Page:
Mandate has written to the Tánaiste, Leo Varadkar, in relation to the proposal for a directive of the European Parliament and of the Council on adequate minimum wages in the European Union. Below is the full letter:
I wish to formally respond in respect of the above mentioned matter.
As you are no doubt aware Mandate Trade Union represents many thousands of workers who are employed in sectors generally associated with low pay and precarious work practices. Based on this reality we believe that our views with regard to the current consultative process should be treated with due regard and respect as they are rooted in the real life experiences of workers who face challenges that directly arise from living on wages which are either on or marginally above the statutory minimum wage.
On a personal level I believe I can also bring to the consultative process the acquired invaluable experience gleaned from being a worker representative for the past five years on the Low Pay Commission.
There can be little doubt that the persistence of low pay and the associated work place poverty are rooted in two main realities. First, the reluctance of the State to ensure the provision of an adequate statutory living wage and second, the denial of meaningful statutory rights which would allow the impacted workers bring the power of their collective voice to bear on matters which directly impact them and their dependents. It is clear that these core issues have been identified in the instant proposal document from the EU so it is vitally important that the Irish government supports these laudable objectives in the strongest manner possible.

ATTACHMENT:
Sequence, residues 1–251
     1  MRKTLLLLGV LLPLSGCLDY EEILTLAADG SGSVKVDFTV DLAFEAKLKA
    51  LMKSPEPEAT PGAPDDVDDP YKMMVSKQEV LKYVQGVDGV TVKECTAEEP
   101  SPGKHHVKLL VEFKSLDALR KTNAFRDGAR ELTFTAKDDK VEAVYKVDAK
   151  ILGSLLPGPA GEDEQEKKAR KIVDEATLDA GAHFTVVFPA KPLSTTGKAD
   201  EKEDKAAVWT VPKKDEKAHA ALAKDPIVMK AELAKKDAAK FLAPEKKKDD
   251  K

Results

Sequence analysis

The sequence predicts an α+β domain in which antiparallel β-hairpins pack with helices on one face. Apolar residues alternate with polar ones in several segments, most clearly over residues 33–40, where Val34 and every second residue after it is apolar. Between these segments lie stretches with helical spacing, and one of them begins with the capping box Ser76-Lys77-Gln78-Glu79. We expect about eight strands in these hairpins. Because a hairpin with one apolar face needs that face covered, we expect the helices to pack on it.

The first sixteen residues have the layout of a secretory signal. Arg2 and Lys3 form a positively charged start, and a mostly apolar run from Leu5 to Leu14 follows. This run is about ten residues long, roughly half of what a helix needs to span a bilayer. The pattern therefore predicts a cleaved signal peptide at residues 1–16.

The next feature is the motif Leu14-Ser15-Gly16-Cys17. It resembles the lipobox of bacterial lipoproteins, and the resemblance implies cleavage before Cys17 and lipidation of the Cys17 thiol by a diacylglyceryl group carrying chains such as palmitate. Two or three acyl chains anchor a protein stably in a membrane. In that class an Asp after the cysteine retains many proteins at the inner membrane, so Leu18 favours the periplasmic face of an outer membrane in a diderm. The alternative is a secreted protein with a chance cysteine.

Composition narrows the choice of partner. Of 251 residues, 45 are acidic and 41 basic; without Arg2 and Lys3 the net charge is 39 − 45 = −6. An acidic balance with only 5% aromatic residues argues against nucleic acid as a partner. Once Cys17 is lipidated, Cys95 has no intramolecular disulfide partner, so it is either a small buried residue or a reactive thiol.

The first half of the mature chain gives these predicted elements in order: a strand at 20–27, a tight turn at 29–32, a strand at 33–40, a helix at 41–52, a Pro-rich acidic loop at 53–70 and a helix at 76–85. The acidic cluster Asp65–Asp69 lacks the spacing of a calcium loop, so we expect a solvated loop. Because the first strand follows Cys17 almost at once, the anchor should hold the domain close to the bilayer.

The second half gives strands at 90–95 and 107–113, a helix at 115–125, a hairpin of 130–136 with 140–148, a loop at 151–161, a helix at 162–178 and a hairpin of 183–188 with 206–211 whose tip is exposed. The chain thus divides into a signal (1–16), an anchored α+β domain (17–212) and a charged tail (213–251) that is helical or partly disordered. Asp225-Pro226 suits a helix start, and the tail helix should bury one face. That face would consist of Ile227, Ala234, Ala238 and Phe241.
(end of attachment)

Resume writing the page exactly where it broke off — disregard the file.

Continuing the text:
In this specific regard it must be said that the response thus far of the Government and you in particular as the relevant Minister is totally unacceptable and can only be seen as an abdication of moral and political responsibility towards some of the most vulnerable workers in our society. At this time the approach being adopted is particularly reprehensible given that many of the workers in question over the course of the Covid-19 pandemic have placed not only their health and safety but indeed potentially their lives at risk by turning up for work on a daily basis to ensure the provision of essential services which without doubt have brought a welcome degree of stability to our society. On many occasions they have been lauded by yourself and many of your Government colleagues yet when you are offered an opportunity to move beyond these words and show genuine tangible support you fundamentally fail to grasp it. One would hope that your position is not overly influenced or determined by employers and their representative groups as, contrary to the experience of many low paid workers, they have been adequately supported throughout the Covid experience.
By joining your voice to other EU countries who are requesting that the proposal be advanced as a recommendation rather than a legally enforceable directive you know fully well that such an approach will provide no more than lip service to low paid vulnerable workers, in fact it could be argued that expectations are being falsely and unfairly created in the minds of these workers in that something beneficial will ultimately emerge when in reality they have not been afforded any legal powers to make this happen.
Based on the forgoing I would ask you to reflect on the current stance being adopted by you and the Government and urge you to request that the measures envisaged in the proposal be introduced by way of a directive rather than a recommendation. Specifically in this regard I wish to advise that as an affiliate Mandate Trade Union fully supports the contents of the submission made by the Irish Congress of Trade Unions, a copy of which I understand you have received.
Truly in the history of our State there has never been a more appropriate time to do the right thing by the workers who not only need but deserve your support the most, I urge that you avail of the opportunity.
For Mandate Trade Union